Nightcaller interviewed about their debut album, “Halcyon Daze”

By Bob Gourley | Published on October 23, 2018

With influences ranging from 80s era Prince to dreampop, NYC-based duo Nightcaller embraces the music they like without tying themselves down to a particular genre. Members Evan Patrick and Howard Alper initially met while auditioning for the backing band of alt-R&B artist Kelis. They began exchanging ideas and tracks, ultimately creating the recently released album “Halcyon Daze.” The music is atmospheric and catchy at once, with creative production and sound design making it impossible to pigeonhole.

“Halcyon Daze” is your first album together, correct?

Evan: “This is our debut record. We’ve been working on it for about 2 ½ years.”

How did Nightcaller come together?

Evan: “About 3 years ago, Howard and I were both auditioning to play in a band for an R&B singer named Kelis. She was doing a local show, at the Afropunk Festival, and she was getting local musicians, so we both went in and happened to audition at the same time. We liked how each other played. We unfortunately, didn’t get the gig, but we kept in touch and just started chit-chatting online and trading tracks. We decided to bump it up a notch and get more serious and start a project. The songwriting evolved from there.”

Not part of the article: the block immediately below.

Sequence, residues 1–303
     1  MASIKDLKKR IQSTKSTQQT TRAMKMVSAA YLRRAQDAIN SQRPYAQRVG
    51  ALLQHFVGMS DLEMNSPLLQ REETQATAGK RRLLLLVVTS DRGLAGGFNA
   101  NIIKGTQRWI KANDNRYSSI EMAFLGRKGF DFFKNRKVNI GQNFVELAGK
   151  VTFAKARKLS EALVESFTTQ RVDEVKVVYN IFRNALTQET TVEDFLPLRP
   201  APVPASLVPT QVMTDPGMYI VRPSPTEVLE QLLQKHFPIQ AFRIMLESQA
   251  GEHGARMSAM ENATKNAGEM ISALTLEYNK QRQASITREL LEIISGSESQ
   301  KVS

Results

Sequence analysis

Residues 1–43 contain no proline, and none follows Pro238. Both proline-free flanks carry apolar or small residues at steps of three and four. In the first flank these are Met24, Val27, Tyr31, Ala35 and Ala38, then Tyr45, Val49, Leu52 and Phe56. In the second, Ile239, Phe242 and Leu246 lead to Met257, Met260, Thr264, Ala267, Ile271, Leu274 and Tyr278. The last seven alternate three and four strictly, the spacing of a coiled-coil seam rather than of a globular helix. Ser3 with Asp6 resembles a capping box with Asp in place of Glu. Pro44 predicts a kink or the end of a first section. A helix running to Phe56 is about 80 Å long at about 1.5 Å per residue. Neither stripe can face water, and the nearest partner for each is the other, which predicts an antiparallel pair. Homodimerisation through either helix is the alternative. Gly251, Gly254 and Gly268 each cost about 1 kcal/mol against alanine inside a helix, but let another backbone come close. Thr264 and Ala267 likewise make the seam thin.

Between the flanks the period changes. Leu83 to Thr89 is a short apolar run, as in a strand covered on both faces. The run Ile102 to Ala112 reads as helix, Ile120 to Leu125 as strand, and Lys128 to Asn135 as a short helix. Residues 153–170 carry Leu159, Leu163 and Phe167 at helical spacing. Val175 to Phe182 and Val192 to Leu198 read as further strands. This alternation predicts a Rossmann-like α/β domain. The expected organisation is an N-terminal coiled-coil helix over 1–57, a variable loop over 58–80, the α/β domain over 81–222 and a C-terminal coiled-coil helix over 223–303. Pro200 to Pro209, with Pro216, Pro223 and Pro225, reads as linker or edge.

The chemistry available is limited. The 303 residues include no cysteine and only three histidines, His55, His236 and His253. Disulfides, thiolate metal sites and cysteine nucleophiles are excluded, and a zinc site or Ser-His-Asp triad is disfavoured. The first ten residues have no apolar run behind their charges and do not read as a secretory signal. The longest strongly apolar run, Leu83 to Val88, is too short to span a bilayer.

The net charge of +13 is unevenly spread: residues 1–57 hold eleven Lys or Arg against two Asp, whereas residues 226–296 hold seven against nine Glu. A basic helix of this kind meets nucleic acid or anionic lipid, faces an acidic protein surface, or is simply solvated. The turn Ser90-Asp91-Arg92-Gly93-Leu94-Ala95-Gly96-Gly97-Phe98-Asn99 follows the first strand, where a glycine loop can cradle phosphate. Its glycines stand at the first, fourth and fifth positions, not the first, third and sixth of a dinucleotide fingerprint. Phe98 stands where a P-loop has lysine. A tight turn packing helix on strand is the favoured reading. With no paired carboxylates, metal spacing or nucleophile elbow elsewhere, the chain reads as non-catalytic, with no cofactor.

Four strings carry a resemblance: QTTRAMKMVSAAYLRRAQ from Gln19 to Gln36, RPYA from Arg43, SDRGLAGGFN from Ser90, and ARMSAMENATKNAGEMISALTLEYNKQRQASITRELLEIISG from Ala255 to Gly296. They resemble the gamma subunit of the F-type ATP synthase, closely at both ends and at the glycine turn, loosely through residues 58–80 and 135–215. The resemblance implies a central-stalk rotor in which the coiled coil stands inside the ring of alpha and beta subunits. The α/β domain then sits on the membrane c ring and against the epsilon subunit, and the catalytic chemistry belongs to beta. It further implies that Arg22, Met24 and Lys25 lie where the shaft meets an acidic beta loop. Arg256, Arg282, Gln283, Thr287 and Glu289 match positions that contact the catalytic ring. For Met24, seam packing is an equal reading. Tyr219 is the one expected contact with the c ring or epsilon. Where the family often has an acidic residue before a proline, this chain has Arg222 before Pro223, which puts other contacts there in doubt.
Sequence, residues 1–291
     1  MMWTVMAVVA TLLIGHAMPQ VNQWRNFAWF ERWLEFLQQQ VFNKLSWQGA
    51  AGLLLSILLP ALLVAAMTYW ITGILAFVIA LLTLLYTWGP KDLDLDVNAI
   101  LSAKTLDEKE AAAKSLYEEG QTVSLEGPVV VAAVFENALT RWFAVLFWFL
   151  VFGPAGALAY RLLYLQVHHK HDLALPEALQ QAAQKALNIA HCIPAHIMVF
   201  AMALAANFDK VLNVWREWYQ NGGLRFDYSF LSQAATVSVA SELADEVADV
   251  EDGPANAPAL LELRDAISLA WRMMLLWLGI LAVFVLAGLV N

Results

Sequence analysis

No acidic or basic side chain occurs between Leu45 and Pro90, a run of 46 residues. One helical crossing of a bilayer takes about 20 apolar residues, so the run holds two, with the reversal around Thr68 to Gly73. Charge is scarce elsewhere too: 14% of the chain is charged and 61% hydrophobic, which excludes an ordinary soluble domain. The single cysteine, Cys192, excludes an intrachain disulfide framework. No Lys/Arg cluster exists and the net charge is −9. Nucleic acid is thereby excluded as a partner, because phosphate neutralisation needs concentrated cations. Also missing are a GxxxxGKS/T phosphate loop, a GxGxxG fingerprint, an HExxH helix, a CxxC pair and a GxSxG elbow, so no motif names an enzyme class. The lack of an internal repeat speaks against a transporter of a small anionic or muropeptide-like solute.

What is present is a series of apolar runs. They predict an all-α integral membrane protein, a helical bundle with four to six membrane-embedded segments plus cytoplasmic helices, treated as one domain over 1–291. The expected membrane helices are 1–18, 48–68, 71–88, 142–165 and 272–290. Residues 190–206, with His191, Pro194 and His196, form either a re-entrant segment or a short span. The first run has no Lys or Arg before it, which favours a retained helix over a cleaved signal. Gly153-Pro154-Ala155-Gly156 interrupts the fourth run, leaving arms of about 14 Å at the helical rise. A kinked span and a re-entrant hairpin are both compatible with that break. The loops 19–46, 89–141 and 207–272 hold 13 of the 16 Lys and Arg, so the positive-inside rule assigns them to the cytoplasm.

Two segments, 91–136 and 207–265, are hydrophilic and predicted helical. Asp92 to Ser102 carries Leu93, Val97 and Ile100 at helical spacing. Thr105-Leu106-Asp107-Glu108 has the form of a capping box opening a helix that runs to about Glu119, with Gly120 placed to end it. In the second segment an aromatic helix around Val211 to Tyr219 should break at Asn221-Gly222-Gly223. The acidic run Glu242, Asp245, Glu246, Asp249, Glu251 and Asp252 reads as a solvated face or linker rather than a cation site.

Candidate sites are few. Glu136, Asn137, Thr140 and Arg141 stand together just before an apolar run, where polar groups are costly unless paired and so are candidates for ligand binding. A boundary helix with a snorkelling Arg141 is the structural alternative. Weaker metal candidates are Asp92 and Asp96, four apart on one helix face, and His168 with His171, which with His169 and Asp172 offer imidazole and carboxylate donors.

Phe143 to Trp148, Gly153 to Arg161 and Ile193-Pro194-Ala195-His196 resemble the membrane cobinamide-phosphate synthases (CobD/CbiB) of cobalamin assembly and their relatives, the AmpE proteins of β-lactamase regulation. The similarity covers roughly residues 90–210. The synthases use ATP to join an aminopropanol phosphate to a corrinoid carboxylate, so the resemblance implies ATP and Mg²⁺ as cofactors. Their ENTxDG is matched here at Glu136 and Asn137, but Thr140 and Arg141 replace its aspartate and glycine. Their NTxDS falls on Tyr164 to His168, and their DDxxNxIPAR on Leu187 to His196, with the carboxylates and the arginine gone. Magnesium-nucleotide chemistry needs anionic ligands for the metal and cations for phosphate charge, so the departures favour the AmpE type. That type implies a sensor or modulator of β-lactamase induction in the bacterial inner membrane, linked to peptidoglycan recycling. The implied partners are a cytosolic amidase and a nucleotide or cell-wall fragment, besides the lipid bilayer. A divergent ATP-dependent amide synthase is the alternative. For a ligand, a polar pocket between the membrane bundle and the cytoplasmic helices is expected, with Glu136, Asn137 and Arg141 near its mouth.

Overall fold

Did you have a strong idea as to what you wanted Nightcaller to sound like, or did your sound just evolve out of the collaboration?

Evan: “It was pretty much an organic thing; it started to come together as we were collaborating. Just from speaking to each other, chatting with each other, we knew we wanted to try working together. So we decided to rent studio time at a rehearsal space and jam. All the songs came out of some kind of organic jamming process. We would record the jams, sift through them, pick out nuggets of what we liked and develop them into actual songs.”

You’ve both been involved in many different projects. How do you feel they relate to what you’re doing as Nightcaller? For example, are there perhaps things you picked up from session work, or things other projects just didn’t give you the opportunity to try?